- May 10, 2018
- Linda Fahey
- Album Reviews
by Kim Ruehl (@kimruehl), Folk Alley
There’s something so deliciously pure about what happens when Pharis and Jason Romero make music together. From the first notes of “Sweet Old Religion,” the opening tune and title track of their latest album, it’s hard to turn your ears away. Their guitar interplay on the track sets a walking two-chord progression against a creek-flowing lead line, then in come their perfectly matched vocals.
Indeed, both have lead voices, and both had separate careers—Pharis with the beloved band Outlaw Social—before they found their way to one another during a jam in 2007. They knocked around in various collaborations for a couple of years and released their first album as Pharis & Jason Romero in 2011.
Since then, from their home in Horsefly, British Columbia, the husband-and-wife duo has quietly released a handful of the best folk albums of the past decade, repeatedly earning recognition from Canada’s Juno Awards even as they’ve remained somewhat under the radar Stateside.
Sweet Old Religion is their fourth release and will hopefully cement their status for American audiences, as it is their first made entirely of original songs. Operating out of their J. Romero luthier business, the pair has established their proficiency on the instruments they build; and now we can be sure their songwriting is just as good.
Thematically, this album is about hope and love—two of the world’s most persistent ideas that yet occasionally feel so hard to grasp. In one of the album’s high points, “Stitch in Time,” for example, they sing, “I see by the light of the evening sky, stars trying to shine.”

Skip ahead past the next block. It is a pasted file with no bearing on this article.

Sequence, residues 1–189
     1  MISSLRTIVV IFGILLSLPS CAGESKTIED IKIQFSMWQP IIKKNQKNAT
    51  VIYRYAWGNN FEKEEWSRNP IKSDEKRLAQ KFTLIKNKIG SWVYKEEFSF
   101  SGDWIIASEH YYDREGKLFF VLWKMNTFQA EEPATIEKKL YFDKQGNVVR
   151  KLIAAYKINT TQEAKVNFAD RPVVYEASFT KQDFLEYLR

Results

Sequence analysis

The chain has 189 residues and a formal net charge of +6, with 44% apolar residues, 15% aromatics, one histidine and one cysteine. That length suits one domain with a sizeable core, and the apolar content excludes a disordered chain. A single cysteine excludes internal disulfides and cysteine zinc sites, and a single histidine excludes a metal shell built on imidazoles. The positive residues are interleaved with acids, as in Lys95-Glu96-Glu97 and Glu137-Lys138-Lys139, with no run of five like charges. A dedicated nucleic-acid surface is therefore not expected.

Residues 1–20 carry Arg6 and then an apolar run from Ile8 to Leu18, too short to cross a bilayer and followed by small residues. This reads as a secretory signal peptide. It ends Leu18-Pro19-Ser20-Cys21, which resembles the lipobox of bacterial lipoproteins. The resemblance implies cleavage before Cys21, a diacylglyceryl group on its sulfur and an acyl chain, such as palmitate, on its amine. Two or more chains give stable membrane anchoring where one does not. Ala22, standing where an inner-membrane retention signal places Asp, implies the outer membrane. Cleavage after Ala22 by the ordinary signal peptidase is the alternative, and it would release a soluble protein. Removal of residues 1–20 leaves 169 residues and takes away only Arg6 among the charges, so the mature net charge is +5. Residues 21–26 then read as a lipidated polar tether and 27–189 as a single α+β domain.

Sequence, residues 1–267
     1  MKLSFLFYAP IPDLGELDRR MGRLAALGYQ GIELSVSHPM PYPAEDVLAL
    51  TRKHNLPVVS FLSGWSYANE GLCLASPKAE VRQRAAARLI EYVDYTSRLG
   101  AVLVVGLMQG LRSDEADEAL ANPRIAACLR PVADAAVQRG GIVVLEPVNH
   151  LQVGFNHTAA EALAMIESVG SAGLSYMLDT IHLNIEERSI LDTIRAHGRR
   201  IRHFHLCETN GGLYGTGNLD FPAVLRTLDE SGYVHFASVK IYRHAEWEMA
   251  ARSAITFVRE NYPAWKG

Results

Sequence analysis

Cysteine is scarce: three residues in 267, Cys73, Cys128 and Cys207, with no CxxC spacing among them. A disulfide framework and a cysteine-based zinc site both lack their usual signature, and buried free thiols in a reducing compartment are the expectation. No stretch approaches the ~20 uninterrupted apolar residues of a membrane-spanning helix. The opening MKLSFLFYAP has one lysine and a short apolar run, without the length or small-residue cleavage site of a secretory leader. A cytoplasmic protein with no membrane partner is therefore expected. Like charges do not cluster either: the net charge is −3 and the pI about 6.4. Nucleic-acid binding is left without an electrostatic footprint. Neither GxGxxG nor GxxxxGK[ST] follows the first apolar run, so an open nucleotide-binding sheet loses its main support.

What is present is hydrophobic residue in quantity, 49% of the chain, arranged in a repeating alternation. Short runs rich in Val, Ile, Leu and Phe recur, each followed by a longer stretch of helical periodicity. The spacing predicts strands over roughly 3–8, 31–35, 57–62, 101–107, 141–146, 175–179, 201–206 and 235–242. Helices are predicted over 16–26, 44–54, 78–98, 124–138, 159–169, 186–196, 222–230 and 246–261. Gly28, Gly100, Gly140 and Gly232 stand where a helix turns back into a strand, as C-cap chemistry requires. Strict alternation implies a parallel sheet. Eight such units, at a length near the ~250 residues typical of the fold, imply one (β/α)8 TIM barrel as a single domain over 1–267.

Light comes up again, as another thread throughout the album—most notably on “You Are a Shining Light.” Pharis notes they wrote the song for Bellingham, Washington-based singer-songwriter Lucas Hicks, a good friend of the Romeros who died of cancer before he could hear this tribute. (“When the moment gets dark and heavy, you know you are not alone. You are a shining light.”)
Backed occasionally by Patrick Metzger on bass (his bowing on “Leave the Garden Gate Open” is of particular note), John Reischman on mandolin, producer Marc Jenkins on pedal steel, and Josh Rabie on fiddle (the latter two are best in the background on the danceably optimistic “Come On Love”), the duo nonetheless could charm with no additional accompaniment. Their collaboration is fueled by an intangible magic, the rare quality that makes a critic want to leave it at, “Just turn this album on; you’ll love it.”